Amidst Russia-NATO tensions over Ukraine, the Kremlin is testing the country's military capability. In response, NATO has also been initiating large-scale maneuvers in Europe.
A serviceman at the battalion task force drill of the Baltic Fleet's coastal defense troops supported by air force at the Pavenkovo base of the Baltic Fleet, Kaliningrad Region. Photo: RIA Novosti
Last week’s unannounced inspection of the combat readiness of Russia’s Northern and Baltic fleets, Western Military District and airborne troops was perceived in the West as yet another demonstration of power by the Kremlin. The scale of the maneuvers is certainly impressive, ranging as they do from the mountains of the Caucasus to the islands of the Arctic. Moreover, they are not the first such exercises this year. Since the beginning of the events in Ukraine, both Russia and NATO have sharply increased military training, drilling different scenarios of potential military conflicts.
It all evokes memories of the large-scale military exercises of the Cold War. Against the backdrop of these events, here is an overview of how military drills evolved during and after the Cold War, as both Russia and NATO alternated between a cycle of trust and distrust.
Military exercises during the Cold War
The bloc system that took shape after the Second World War gave rise to the need for major international drills. The two opposing sides — NATO and the Warsaw Pact countries (formally known as the Warsaw Treaty Organization) — carried out joint exercises involving troops from each of their respective member countries, the purpose of which was to ensure a coordinated response in the event of war.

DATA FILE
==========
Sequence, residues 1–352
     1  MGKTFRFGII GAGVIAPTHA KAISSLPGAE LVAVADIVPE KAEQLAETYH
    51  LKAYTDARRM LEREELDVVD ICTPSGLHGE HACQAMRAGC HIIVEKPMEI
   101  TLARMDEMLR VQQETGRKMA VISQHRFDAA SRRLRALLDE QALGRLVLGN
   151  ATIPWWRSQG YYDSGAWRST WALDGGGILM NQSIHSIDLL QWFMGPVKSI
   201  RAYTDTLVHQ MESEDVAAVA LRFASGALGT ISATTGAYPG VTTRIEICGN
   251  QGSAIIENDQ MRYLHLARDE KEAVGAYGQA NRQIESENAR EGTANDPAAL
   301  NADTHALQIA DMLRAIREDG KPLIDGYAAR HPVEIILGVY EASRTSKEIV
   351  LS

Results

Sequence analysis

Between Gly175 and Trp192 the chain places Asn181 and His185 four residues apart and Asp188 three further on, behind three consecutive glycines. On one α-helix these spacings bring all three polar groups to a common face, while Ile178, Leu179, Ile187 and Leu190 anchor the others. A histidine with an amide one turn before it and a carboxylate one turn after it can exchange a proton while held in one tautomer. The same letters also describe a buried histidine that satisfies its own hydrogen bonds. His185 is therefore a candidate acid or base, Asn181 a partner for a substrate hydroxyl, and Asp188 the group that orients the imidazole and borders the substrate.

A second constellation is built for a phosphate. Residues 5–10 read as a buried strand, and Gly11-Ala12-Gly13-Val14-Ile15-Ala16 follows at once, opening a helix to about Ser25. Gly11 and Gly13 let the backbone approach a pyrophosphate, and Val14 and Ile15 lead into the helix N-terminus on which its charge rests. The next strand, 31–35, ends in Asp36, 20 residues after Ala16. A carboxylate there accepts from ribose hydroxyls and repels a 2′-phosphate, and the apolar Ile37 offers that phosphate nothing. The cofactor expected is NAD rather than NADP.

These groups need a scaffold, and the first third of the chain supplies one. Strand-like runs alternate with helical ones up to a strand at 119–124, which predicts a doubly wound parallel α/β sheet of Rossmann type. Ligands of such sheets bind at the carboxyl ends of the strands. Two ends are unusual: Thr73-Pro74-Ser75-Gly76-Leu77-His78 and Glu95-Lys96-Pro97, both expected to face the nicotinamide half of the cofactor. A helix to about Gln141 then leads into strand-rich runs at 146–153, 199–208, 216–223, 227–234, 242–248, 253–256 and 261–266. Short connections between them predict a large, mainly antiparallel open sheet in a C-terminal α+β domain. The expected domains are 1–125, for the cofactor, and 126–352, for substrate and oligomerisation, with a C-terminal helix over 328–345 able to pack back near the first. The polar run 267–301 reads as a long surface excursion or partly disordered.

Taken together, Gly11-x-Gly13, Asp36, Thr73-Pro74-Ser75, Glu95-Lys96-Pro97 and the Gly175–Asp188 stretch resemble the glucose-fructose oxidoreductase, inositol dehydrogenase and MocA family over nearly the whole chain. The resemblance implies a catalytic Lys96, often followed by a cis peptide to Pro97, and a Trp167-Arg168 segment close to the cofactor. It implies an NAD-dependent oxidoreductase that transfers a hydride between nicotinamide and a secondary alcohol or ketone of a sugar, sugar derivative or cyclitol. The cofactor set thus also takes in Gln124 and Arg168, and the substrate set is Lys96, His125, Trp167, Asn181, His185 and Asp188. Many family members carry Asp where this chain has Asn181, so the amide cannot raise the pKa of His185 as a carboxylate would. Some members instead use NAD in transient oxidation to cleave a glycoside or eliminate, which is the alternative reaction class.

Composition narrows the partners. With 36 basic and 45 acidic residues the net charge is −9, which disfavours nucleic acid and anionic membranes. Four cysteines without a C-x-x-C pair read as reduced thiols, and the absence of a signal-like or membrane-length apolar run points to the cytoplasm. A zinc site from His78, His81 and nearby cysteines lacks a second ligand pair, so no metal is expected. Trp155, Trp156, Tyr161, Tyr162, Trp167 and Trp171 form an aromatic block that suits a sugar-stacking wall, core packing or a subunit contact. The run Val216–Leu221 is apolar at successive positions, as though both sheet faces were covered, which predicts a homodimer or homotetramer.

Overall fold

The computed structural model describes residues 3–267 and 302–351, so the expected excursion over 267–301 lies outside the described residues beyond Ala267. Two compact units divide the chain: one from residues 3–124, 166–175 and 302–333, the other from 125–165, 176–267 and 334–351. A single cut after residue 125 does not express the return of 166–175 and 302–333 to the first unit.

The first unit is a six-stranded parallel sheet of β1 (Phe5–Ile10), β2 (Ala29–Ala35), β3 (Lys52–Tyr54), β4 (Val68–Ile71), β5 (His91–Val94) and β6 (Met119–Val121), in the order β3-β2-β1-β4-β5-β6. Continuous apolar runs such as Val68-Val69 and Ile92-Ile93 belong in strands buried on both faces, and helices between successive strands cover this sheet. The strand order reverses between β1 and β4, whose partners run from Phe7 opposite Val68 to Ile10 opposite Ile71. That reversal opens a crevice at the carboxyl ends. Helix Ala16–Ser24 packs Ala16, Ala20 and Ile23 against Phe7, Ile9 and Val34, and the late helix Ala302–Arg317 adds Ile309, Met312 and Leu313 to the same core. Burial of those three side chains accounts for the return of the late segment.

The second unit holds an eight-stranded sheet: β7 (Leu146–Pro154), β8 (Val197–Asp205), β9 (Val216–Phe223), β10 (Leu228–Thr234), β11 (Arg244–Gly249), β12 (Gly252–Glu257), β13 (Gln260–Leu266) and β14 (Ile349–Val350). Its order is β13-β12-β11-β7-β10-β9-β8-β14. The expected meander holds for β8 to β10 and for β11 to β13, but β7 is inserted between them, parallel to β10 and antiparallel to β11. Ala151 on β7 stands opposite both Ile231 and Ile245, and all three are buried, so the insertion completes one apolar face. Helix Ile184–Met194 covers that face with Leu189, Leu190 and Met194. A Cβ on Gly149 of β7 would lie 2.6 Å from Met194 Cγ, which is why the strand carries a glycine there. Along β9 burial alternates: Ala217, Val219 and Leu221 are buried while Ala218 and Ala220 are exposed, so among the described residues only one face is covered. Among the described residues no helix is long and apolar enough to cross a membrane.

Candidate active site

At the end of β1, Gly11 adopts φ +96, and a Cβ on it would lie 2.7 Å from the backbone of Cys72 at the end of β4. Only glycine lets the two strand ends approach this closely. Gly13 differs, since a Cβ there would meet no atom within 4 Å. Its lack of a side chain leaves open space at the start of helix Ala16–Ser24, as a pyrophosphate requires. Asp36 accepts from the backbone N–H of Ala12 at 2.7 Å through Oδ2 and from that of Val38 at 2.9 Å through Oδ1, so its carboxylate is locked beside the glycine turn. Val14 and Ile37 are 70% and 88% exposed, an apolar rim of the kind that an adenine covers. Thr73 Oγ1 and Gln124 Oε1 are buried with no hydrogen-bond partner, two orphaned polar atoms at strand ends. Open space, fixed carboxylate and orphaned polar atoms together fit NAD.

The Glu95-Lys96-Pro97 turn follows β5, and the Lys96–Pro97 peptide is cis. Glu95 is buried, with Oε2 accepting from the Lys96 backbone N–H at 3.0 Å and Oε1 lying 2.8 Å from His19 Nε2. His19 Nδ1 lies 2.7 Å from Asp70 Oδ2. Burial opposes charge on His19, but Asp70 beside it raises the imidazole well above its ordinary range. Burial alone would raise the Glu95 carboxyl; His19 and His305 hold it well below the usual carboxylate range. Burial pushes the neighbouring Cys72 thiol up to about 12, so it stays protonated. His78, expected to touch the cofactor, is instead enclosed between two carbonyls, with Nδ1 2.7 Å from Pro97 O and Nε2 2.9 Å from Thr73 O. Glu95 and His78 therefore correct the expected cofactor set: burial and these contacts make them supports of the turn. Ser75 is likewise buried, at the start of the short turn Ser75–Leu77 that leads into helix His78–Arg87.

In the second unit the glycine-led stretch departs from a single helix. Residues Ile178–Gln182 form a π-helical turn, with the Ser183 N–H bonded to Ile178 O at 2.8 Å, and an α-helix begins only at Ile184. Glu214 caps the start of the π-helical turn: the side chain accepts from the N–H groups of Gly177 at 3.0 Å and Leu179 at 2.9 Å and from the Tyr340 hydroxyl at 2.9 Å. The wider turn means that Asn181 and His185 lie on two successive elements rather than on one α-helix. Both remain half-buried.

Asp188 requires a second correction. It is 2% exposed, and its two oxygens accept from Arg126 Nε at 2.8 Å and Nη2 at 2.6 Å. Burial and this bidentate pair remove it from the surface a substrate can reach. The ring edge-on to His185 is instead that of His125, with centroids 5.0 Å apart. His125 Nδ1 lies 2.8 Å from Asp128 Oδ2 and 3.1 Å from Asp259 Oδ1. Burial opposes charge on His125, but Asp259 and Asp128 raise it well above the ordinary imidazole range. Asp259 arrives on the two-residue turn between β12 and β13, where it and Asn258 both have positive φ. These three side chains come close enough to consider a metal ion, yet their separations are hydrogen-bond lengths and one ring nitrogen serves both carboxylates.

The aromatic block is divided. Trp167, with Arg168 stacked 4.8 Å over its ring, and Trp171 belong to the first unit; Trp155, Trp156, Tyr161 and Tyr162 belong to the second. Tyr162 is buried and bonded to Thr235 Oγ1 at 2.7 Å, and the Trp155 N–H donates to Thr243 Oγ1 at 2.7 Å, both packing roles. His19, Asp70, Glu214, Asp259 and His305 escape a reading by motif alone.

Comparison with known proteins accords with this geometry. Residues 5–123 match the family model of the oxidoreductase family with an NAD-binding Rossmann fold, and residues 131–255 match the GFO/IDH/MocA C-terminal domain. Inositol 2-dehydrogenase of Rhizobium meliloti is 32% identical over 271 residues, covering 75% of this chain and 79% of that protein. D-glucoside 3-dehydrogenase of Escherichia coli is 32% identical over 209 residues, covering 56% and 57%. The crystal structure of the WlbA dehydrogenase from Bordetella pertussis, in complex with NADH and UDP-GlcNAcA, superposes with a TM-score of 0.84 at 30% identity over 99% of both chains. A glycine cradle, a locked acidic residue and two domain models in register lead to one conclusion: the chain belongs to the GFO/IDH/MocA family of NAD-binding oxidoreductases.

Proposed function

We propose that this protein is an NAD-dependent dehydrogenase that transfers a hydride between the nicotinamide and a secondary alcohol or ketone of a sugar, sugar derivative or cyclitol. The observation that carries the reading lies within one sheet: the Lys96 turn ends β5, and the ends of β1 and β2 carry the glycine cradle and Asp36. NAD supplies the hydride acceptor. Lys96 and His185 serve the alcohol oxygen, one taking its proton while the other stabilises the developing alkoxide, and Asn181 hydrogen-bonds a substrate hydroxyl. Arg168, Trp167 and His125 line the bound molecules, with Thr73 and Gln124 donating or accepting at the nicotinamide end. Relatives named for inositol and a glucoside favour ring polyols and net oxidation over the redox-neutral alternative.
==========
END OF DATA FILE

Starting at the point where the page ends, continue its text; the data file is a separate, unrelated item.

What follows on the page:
The largest maneuvers conducted by the Soviet Union and the Warsaw Pact as a whole, such as Dnepr-67 and Zapad-81, involved hundreds of thousands of troops. At the same time, some extremely complex and out-of-the-ordinary scenarios were run through, such as the landing of military aircraft on civil highways, the simultaneous airdrop of large airborne units, the use of tactical nuclear weapons, and others.
NATO’s maneuvers during the Cold War did not yield an inch to the Soviet Union in terms of scale. For instance, Able Archer-83, a large-scale command and control exercise in Europe, was regarded by the Soviet leadership as cover for the deployment of troops in advance of a nuclear strike, which provoked reciprocal measures and in November 1983 brought the planet to the brink of Armageddon.
The arrival of a new and promising Soviet leader, Michail Gorbachev, did not put a stop to NATO exercises, the largest of which in the perestroika years was Reforger-88 in West Germany, involving 125,000 army personnel. The basic idea of such maneuvers was to drill different scenarios for either repelling a potential enemy attack or launching a preemptive strike.
From distrust to trust: Military exercises after the Cold War
The end of the Cold War and the resulting drop in international tension put paid to global demonstrations of force and preparations for large-scale hostilities. Moreover, starting in the early 1990s, a package of agreements was signed to help build trust between the former adversaries.
The 1990 “Vienna Document of the Negotiations on Confidence and Security” was the first to provide for the exchange of information on the two sides’ armed forces, including the consolidation of large bodies of troops and planned maneuvers.
The Treaty on Conventional Armed Forces in Europe (CFE), which was signed in late 1990 and entered into force in November 1992 (and from which Russia recently withdrew), introduced restrictions on the number of weapons that could be deployed from the Atlantic to the Urals. In addition, the document also set a limit on the number of military groups in so-called “flank zones” — points of contact between Russia and NATO countries.